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January 25, 2018 Fiction

Foe in the Kitchen

Gina Zucker

Foe in the Kitchen photo

The foe came into the kitchen. “Watch this,” the foe said.

Right off I spoke up. I don’t know what came over me, a nobody, from nowhere. “I’m lodging a complaint,” I said.

The foe stepped further in. She put her feet in the thick of it, all her feet. Squares of black and white spread out from there. “I keep it sweet on the dance floor,” she said.

“We’re not here for that.” I scanned the kitchen for affirmation.

The foe turned herself around. She stopped on a single foot, holding the rest of herself up, waiting to see what effects she’d had. The swagger on her was something. The others gathered. The foe resumed her dance, leaving legs where space was expected and vice versa. Oh, they swarmed around to watch, clustered on counters, the stove, bent-winged and -limbed, climbing over each other to get a glimpse.

I’d read that mirroring could get results. I stretched and turned, appendages out. Nobody reacted. I protested with my body, such as it was. I felt the need to explain. “I’m staging a protest.” I fluttered hard. The foe smelled of gas.

“Stage away,” said the foe. “Just not too much.” The foe had hair down her neck, arms, legs: fuzzy long hair the color of egg yolk. Deeply unattractive.

“Meanwhile,” she continued, “I’m here to vow my optimism. I’m tapped into what’s needed currently and have the wherewithal to power through— ”

 “—I’ll take it from here,” I interrupted. Someone had to. The whole thing was preposterous, back to front. The others remained silent. The others, I realized, did not really notice me.

Deep pangs began.

“Dance,” said the foe over my head.

The others shifted in their places. It sounded like a forest at night.

“Y—” I began, meaning, the only difference between yours and ours

“It is not ours to ask why,” said the foe.

“No, I mean—” I choked; my explaining had been done for me. My hunger betrayed me. Crackers, sugar, anything…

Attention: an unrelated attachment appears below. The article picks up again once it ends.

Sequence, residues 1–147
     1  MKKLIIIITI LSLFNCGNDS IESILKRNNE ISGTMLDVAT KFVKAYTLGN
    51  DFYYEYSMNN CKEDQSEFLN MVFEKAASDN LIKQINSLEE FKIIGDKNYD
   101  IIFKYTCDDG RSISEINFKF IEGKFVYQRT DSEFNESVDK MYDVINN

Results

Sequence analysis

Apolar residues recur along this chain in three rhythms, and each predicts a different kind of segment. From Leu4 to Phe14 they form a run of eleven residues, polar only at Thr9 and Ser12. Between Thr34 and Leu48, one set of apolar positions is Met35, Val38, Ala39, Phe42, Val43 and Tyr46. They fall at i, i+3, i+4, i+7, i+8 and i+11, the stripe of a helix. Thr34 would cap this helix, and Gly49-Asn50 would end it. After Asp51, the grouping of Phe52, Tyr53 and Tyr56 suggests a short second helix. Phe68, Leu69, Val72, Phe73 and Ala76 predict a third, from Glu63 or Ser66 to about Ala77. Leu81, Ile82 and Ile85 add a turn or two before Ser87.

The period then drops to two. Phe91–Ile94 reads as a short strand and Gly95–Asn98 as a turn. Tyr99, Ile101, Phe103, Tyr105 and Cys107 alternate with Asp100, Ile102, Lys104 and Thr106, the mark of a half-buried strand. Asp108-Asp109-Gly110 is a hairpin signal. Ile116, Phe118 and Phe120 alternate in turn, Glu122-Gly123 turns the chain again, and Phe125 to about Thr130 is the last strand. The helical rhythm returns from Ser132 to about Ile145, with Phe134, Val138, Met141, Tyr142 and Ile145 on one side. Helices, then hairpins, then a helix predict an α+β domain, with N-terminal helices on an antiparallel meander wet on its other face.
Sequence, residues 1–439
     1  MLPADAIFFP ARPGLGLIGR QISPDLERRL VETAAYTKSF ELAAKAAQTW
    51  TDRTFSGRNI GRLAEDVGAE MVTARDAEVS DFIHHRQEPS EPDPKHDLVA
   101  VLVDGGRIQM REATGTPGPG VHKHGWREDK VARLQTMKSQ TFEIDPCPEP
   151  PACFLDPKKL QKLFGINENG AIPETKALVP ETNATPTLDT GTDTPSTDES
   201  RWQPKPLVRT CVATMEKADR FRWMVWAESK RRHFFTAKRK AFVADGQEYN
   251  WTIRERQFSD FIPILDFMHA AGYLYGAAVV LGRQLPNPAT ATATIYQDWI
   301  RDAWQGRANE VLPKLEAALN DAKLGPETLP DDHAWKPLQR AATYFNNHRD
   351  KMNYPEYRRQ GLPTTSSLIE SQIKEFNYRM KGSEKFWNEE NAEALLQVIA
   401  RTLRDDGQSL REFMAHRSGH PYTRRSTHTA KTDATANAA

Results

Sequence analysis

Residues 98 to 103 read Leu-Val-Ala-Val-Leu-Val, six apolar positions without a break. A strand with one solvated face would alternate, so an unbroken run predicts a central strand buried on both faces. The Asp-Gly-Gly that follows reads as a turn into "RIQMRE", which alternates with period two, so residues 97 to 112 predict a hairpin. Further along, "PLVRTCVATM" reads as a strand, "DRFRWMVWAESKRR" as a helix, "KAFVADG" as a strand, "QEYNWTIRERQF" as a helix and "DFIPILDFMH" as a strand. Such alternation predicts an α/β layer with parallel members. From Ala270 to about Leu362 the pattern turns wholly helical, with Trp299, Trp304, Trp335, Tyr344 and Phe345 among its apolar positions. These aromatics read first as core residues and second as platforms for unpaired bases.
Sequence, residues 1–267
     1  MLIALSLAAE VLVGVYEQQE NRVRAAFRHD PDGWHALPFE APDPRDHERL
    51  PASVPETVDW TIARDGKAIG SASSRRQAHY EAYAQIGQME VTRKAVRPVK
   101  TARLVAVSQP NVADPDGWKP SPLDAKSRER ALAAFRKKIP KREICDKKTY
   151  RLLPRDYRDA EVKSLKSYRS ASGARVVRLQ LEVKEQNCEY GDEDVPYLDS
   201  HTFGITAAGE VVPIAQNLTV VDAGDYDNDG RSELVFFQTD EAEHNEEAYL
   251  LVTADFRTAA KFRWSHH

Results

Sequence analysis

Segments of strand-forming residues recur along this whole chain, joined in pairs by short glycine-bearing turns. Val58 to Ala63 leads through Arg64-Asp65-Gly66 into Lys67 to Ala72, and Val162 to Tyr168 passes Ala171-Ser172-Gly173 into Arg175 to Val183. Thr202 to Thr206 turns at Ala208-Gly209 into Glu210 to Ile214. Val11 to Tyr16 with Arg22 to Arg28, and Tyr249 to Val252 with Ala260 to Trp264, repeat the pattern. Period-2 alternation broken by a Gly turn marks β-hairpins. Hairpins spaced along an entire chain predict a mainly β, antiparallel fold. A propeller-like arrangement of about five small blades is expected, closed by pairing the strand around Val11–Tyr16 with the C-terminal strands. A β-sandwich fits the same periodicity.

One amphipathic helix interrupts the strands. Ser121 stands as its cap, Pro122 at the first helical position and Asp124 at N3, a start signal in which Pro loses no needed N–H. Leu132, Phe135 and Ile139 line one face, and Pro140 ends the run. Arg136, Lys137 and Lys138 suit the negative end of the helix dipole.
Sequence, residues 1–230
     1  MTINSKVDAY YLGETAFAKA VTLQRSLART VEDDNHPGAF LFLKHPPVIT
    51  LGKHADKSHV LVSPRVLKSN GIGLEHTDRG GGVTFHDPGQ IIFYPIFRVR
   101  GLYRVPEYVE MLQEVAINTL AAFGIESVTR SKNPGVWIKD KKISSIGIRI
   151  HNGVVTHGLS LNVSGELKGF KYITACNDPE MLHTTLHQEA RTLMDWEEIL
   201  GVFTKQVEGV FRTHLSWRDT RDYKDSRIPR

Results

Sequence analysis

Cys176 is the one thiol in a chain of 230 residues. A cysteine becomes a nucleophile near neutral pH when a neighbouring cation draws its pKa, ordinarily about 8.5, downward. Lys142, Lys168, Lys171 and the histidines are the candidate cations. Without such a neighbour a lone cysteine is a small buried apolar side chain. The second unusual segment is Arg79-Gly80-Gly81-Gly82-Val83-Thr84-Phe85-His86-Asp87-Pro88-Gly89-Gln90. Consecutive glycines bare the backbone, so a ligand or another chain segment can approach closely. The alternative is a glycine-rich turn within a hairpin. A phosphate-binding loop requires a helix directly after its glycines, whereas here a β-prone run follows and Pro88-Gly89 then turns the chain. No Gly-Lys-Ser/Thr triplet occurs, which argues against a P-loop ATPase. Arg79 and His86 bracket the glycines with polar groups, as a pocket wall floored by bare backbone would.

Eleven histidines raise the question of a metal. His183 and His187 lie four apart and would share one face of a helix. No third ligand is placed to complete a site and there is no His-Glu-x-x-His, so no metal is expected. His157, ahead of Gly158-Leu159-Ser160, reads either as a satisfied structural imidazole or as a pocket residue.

“By all means necessary,” said the foe. The foe took deep breaths, making her hair shiver. Her hair, so long and fuzzed, so shaggy and yellow. What a creature!

“What kind of hair is that?” A child had spoken. Sex undifferentiated, possibly hermaphroditic, bald, lash-less, landing in the range of eight to twelve days.

I froze. I knew this child. This child was my child.The foe didn’t miss a beat. “Mine own, mine own,” said the foe, lifting her many eyes to the ceiling.

“Downright,” I sputtered. Something essential had gotten away from me.

“Can I touch it?” the child of mine asked.

The room held its silence. The foe lowered her gaze. She held out a rope of yokey shag and my child reached out to feel it. “Can. May, even,” the foe said softly.

“Leave us!” I cried.

A stirring in the room swished the silence to a breeze. The others scuttled in one direction. They moved en masse across the squared black and white for the crack under the door. They left the kitchen without telling me.

“I protest too much!” I screamed.

The foe breathed slowly—keep it sweet—and my child remained, held the foe’s hair atop its own bald head. Can a ghost be ghosted? I bent myself, limped to the opposite side of the room. I put myself as far away from the foe and my child as the floor permitted. Against the wall, staging, lodging, protesting, complaining, still hungry—I crouched.

“Go to him,” breathed the foe. “Feed him.”

My child drifted toward me.


image: Ian Amberson